mySwitch.send(4314007, 24);
 Serial.println("2 ON");
 else if(inByte == '4') { // byte is '4'
 mySwitch.send(4314006, 24);
 Serial.println("2 OFF");
 else if(inByte == '5') { // byte is '5'
 mySwitch.send(4314011, 24);
 Serial.println("3 ON");
 else if(inByte == '6') { // byte is '6'
 mySwitch.send(4314010, 24);
 Serial.println("3 OFF");
 else if(inByte == '7') { // byte is '7'
 mySwitch.send(4314003, 24);
 Serial.println("4 ON");
 else if(inByte == '8') { // byte is '8'
 mySwitch.send(4314002, 24);
 Serial.println("4 OFF");
 else if(inByte == '9') { // byte is '9'
 mySwitch.send(4314013, 24);
 Serial.println("ALL ON");
 else if(inByte == '0') { // byte is '0'
 mySwitch.send(4314012, 24);
 Serial.println("ALL OFF");
 else { // byte isn't known

Once the Sketch has been uploaded to your Arduino you could use the Serial Monitor to send one of the numbers or any serial aware software for that matter but if you read on to part 3 I will demonstrate doing this with an advanced PowerShell function.

This concludes part 2, I have included links to the next and previous posts below to ease navigation of this blog series

Previous Post 1 of 3

Next Post  3 of 3

Thanks for reading,


Next Post (Part 2 of 3)

Final Post (Part 3 of 3)


In this post I’m going to try something a little different, I’m going to explain the process I used to control a four gang power socket with PowerShell. Now I’m only going to be sending serial commands with PowerShell as the hard work is being done by an Arduino and the “rc-switch” library but still this was a really fun project to do and one I wanted to share!

To start, you’ll need all the following items:

Bill of materials:

# Name Price Shop
1 Arduino Uno £15 Google/eBay
2 433 Mhz Transmitter and Receiver £3 eBay: search for “Arduino 433” or “RF Link kit”
3 Energenie Trailing Gang with Four Radio Controlled Surge Protected Sockets £20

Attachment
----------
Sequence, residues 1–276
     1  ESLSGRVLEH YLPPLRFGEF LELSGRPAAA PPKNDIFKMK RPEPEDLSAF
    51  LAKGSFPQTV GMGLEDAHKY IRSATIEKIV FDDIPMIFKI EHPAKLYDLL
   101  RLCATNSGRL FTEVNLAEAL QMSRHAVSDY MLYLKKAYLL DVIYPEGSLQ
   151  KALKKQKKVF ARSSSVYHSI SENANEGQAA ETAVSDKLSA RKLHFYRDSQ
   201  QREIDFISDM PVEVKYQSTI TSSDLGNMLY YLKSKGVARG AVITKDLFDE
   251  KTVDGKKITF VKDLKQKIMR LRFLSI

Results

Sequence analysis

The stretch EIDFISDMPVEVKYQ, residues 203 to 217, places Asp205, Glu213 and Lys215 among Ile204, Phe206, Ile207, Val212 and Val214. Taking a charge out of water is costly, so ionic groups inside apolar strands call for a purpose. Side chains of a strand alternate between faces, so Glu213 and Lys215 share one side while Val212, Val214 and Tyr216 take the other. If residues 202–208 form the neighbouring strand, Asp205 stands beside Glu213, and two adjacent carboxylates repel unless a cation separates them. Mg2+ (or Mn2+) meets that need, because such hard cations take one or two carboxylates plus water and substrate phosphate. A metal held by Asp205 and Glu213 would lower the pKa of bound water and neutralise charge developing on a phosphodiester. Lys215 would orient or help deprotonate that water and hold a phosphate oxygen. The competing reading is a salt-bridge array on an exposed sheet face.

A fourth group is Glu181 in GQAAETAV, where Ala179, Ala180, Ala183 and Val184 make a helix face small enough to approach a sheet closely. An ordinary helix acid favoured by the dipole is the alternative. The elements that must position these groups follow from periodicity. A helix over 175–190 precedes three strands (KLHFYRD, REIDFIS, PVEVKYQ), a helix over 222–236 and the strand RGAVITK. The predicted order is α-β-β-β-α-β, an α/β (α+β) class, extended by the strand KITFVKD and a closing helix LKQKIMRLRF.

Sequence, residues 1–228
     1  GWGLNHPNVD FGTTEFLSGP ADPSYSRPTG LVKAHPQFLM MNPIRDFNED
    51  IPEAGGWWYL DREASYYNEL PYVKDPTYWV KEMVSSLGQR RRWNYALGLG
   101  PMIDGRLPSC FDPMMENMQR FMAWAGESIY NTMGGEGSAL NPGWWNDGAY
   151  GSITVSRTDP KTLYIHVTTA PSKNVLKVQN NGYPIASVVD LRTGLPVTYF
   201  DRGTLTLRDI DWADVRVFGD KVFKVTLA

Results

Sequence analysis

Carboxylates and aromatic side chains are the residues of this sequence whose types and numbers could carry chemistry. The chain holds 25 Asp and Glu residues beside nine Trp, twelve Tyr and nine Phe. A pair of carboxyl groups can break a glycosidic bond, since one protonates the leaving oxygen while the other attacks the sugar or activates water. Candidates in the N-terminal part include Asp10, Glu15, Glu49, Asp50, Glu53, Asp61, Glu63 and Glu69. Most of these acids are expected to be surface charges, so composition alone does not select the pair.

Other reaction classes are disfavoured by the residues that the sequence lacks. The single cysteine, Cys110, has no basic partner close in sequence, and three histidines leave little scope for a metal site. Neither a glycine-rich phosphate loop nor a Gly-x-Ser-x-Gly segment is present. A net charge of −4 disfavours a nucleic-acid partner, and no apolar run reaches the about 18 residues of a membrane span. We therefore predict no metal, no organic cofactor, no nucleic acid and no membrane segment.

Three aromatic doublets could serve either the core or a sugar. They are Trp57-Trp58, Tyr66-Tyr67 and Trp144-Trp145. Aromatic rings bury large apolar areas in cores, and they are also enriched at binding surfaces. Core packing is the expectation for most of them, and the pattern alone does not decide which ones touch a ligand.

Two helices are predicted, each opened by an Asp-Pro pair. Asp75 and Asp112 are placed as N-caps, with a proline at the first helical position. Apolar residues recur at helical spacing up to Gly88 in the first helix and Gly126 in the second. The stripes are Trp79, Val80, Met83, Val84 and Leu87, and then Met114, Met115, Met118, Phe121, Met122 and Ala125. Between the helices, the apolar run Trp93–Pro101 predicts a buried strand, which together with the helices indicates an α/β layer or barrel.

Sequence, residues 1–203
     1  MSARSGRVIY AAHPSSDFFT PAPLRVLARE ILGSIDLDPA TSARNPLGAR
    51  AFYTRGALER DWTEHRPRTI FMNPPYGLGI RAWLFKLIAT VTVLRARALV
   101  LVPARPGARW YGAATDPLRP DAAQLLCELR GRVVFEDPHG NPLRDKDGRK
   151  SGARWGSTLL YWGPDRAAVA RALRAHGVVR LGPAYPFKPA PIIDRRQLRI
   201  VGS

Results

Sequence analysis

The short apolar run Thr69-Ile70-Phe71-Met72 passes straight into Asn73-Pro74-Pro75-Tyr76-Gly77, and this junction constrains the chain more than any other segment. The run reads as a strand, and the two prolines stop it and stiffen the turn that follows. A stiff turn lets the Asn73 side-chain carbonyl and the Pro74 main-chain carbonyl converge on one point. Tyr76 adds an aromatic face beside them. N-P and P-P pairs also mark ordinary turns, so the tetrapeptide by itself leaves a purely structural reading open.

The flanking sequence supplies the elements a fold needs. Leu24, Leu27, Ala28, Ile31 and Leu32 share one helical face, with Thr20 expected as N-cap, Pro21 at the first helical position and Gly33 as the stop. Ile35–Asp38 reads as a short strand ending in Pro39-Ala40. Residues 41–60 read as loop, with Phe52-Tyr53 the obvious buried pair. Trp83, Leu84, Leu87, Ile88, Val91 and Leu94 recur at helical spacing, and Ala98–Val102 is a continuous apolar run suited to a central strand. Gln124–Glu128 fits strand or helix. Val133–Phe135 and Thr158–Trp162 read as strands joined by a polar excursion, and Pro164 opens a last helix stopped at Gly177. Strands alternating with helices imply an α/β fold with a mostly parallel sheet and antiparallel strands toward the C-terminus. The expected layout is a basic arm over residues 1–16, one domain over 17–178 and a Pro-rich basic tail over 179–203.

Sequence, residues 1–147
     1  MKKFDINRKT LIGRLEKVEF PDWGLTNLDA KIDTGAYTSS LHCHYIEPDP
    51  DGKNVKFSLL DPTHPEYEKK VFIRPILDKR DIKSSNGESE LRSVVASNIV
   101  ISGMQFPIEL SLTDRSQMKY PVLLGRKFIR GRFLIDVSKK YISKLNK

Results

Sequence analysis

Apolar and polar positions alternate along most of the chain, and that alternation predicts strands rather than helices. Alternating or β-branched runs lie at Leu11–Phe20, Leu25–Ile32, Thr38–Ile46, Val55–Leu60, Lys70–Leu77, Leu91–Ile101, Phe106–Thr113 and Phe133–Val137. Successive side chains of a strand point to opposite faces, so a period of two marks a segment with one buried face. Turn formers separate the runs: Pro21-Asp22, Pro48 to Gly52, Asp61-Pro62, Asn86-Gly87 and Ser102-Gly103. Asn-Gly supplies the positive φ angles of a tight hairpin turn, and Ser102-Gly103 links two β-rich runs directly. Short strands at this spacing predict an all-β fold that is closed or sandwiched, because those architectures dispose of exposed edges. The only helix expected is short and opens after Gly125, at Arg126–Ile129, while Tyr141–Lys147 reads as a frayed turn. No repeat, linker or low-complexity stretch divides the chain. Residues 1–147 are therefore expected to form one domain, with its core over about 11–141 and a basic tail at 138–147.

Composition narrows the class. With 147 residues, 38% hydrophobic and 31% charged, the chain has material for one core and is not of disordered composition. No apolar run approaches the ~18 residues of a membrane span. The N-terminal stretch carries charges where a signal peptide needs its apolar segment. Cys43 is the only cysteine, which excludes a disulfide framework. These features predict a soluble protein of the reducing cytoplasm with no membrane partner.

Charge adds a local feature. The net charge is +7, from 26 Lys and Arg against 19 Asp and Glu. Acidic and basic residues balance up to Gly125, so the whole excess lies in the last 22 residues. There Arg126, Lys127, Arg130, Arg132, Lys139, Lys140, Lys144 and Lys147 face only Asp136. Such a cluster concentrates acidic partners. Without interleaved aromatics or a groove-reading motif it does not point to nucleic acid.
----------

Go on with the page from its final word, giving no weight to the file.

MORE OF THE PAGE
4 Breadboard and a few jumper cables Google/eBay

Part 1 – Capture the RF codes for your Energenie Power Strip

To start you will need to connect up your circuit like the diagram below


This is a photo of how mine looked when completed


Like I mentioned in the intro we will be using the “rc-switch” library which can be downloaded from Add this to your \arduino-1.0.1-windows\arduino-1.0.1\libraries\ directory and open the Arduino IDE.

Now open the “ReceiveDemo_Simple” sketch and upload this to your Arduino.


Open the serial monitor, assuming everything is wired up correctly when you press the buttons on your remote the codes will appear as “Received <7Digit>  / 24bit Protocol: 1”, for example:


Collect each of the buttons 7 digit codes into a table so we can use them in the transmission circuit. I recommend using a table, for example:

Switch ON OFF
















This concludes part 1, I have included links to the next and previous posts below to ease navigation of this blog series

Next Post (Part 2 of 3)

Final Post (Part 3 of 3)

Thanks for reading,


At work this week I was working with one of our Linux engineers and he used the command “cURL” which promptly provided him with the external IP of the system. I thought to myself, “I wonder if this is possible from PowerShell” and sure enough it is.

Using the Invoke-WebRequest cmdlet we can send http(s) requests to a web service. Note that this is a PowerShell 3.0 only cmdlet.

Let’s give it a try:



Not quite what we’re looking for. On inspection of the website we can see that there are many command line options, lets try just the /IP option



Much better and we can clearly see that the IP address is returned in Content which it fine for a quick check at the command line but not so great if your using it for scripting. To collect just the external IP we could wrap the command in parentheses, for example:



I thought that this would make a handy addition to my PowerShell Profile so I created a quick function

function Get-ExternalIP {



An alternative to is available at, for example


Thanks for reading